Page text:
Sahara Yields Ancient Cemetery
Find shows desert was once lush, green, populated
By Rob Quinn,  Newser Staff
Posted Aug 15, 2008 2:13 PM CDT
This photo provided by the National Geographic Society shows a triple burial containing a woman and two children, their limbs entwined, discovered at the Gobero site.   (AP Photo)
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(Newser) – Explorers hunting for dinosaur bones have found a Stone Age cemetery deep in the Sahara desert, National Geographic reports. The team of paleontologists discovered bones from two separate ancient human cultures that lived in the region as long as 10,000 years ago, when monsoon rains turned parts of the desert lush and green.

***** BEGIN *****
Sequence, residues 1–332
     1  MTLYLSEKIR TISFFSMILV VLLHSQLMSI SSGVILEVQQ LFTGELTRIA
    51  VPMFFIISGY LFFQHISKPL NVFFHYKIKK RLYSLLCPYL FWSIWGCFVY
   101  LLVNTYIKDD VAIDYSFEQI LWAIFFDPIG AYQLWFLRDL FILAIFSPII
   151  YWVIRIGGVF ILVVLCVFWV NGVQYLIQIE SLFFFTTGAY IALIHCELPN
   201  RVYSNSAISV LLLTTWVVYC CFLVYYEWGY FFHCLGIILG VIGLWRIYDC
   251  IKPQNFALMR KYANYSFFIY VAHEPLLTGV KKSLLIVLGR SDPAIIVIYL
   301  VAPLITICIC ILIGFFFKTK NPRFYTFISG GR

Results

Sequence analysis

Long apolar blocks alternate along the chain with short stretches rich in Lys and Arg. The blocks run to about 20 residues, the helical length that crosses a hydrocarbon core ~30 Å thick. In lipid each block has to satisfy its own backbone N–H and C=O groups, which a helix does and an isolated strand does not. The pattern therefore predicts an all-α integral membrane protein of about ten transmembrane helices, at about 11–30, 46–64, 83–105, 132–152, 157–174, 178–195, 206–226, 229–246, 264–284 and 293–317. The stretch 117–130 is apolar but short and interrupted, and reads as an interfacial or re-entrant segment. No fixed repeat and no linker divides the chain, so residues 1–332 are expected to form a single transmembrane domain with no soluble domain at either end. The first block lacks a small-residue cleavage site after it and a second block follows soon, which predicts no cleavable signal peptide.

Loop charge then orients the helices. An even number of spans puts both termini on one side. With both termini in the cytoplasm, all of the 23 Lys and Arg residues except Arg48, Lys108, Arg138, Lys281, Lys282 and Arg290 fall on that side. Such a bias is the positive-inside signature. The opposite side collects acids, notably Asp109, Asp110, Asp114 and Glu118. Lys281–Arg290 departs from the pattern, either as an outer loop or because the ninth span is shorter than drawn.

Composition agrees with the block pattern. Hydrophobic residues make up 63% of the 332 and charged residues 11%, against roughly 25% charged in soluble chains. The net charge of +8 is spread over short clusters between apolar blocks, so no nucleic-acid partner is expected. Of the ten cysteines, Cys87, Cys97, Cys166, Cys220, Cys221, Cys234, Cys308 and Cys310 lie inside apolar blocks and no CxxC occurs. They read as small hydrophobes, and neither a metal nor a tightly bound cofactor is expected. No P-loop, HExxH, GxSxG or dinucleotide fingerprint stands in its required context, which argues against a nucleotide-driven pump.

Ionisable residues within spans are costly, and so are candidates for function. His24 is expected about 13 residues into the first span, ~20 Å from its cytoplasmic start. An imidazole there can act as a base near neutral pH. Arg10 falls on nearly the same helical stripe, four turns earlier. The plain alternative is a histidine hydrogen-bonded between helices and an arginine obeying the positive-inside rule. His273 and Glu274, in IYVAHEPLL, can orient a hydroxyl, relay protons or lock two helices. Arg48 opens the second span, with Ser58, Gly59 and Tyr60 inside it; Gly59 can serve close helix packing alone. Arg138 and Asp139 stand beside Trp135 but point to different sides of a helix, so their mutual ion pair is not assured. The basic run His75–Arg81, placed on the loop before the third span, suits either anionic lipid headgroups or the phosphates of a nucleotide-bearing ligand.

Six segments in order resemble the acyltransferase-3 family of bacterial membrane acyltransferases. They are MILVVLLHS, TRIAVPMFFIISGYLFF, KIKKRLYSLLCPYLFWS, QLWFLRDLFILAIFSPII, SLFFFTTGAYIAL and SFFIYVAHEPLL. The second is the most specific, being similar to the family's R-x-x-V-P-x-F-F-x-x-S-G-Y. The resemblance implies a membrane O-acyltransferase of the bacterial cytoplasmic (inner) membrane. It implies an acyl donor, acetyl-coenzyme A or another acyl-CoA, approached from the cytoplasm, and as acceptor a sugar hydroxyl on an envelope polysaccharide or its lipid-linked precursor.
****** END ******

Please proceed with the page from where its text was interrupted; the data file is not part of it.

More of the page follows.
Experts say the find in a forbidding corner of the desert will shed new light on the cultures of the people who dwelt in the so-called "Green Sahara" thousands of years ago. One find has been dubbed the "Stone Age embrace"—a woman and two children buried on a bed of flowers, arms outstretched toward each other.